Cal Fire needs to come clean with stashed funds
State officials should be embarrassed by revelations that Cal Fire, the state Department of Forestry and Fire Protection, has stashed away millions of dollars, just as the state Department of Parks and Recreation did.
Making Cal Fire’s hiding of $3.6 million more embarrassing, is the agency just got through a new policy that charges residents in Cal Fire’s protection areas $150 a year to provide that protection. Several hundred property owners in Tulare County, including those in Springville, must pay that fee.
It was reported that Cal Fire hid the money rather than depositing it into the state’s general fund as required. The revelation came after voters approved Proposition 30 in November to tax themselves to help dig the state out of a budget deficit. It also comes after it was learned that the parks department had hidden $20 million in a special fund.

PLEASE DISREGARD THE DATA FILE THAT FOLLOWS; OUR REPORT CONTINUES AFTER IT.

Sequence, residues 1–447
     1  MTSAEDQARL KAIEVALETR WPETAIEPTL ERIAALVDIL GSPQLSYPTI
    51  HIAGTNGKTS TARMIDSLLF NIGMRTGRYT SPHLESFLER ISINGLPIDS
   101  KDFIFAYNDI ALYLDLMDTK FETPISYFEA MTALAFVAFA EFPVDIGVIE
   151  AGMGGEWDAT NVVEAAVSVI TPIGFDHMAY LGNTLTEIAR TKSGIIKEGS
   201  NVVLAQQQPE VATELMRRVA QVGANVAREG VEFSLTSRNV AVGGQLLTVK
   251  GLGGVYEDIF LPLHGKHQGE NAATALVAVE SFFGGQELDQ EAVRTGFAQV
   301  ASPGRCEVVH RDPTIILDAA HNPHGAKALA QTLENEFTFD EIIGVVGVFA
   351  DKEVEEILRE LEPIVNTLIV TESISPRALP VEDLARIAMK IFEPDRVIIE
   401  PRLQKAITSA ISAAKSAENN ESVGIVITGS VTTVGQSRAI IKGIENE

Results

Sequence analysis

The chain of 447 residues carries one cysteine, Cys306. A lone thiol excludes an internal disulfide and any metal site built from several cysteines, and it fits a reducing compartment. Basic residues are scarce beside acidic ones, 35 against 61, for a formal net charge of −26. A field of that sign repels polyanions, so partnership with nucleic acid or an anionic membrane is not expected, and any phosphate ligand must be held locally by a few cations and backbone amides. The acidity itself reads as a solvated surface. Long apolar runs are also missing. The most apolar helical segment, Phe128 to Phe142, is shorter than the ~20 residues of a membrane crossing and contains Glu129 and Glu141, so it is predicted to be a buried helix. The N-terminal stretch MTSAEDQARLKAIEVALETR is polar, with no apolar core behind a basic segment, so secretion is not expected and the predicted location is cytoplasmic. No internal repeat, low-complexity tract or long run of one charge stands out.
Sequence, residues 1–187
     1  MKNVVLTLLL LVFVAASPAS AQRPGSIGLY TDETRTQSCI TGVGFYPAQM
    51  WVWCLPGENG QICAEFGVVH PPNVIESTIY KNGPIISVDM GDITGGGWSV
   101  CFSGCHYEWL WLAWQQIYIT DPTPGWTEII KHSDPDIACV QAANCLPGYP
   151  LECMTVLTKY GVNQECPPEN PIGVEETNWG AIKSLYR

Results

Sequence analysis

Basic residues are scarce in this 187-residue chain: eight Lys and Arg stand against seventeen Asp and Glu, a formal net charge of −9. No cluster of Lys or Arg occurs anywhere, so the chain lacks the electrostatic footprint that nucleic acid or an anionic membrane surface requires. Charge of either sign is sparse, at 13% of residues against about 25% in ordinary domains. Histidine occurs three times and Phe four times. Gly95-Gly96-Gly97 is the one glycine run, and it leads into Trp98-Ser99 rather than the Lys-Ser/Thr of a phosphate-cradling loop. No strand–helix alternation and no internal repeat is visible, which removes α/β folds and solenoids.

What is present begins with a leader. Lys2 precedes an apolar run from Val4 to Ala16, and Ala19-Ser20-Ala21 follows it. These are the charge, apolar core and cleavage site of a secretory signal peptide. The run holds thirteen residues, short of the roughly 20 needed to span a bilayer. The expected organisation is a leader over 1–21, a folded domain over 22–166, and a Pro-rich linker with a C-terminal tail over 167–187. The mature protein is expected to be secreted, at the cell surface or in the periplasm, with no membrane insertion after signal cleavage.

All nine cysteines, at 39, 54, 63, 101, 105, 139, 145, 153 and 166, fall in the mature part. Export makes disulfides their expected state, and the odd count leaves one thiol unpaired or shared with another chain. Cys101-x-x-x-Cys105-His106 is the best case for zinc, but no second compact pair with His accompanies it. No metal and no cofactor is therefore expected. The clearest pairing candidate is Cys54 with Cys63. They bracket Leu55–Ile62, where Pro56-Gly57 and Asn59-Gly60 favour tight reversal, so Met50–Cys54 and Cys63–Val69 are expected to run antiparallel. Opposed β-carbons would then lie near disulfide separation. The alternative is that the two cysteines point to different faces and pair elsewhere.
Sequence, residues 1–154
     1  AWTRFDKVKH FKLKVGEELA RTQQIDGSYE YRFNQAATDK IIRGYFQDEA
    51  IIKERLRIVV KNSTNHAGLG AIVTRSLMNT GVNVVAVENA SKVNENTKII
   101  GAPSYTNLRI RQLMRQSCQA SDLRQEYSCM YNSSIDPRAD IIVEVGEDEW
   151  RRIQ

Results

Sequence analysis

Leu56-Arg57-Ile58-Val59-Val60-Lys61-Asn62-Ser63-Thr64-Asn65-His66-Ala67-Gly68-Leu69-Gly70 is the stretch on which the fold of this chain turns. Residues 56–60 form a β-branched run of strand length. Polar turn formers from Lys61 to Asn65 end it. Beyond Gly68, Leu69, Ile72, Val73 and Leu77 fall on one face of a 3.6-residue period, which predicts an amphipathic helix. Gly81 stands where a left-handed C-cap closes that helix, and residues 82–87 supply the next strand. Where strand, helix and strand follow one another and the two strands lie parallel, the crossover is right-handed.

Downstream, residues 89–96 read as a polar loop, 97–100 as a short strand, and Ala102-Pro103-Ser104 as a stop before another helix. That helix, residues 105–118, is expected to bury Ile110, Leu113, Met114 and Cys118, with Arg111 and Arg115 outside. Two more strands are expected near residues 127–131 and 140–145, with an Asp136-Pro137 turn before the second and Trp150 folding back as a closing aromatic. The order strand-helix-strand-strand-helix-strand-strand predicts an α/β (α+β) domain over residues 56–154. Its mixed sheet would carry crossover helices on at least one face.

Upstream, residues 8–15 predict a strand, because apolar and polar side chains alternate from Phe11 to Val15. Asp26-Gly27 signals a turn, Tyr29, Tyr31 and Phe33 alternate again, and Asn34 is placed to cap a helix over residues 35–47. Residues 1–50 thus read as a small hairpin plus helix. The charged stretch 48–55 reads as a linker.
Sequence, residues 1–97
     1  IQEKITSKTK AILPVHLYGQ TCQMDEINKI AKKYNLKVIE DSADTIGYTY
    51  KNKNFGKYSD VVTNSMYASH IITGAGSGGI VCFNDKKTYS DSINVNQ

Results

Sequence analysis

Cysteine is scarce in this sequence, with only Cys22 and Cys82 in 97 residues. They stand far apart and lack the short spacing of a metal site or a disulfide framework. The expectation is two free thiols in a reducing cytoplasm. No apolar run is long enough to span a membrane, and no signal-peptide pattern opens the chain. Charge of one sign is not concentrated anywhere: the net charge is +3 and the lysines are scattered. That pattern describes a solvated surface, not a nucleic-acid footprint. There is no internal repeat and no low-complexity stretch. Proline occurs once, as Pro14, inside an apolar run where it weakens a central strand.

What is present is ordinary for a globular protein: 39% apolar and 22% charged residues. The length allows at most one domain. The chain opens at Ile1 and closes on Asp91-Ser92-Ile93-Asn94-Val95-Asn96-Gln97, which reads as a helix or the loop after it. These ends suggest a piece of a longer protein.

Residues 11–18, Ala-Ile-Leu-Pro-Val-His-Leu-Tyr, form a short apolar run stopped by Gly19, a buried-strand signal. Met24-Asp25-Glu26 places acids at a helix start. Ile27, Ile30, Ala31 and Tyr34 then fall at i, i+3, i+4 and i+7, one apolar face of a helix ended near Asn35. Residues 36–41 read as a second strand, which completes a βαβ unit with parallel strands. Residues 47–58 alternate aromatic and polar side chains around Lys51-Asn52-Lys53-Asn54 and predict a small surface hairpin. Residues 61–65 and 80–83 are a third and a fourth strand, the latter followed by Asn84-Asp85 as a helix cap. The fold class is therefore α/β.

The Department of Finance is planning an investigation, and Republican lawmakers have also called for an investigation. We agree an investigation is needed.
The slush funds bring into question the fiscal status of the state. Is it really broke, as the governor led us to believe prior to the November vote, or was money just hidden away to make a better case for Californians to tax themselves more?
We are disappointed that Gov. Brown has not come out more strongly against the action. He called for an audit by the state Department of Finance after the first discovery, but so much for the audit, since that is not what uncovered the Cal Fire slush fund.
Taxpayers deserve better. California residents have to work until April 20 just to cover the taxes they pay. That is tied for the 11th latest date of all of the 50 states. Texas, whose governor is in the Golden State this week trying to lure industries to the Lone Star State, is 31st with a Tax Freedom Day of April 11.
We agree the discovery raises serious questions. Hopefully, the governor will push for answers.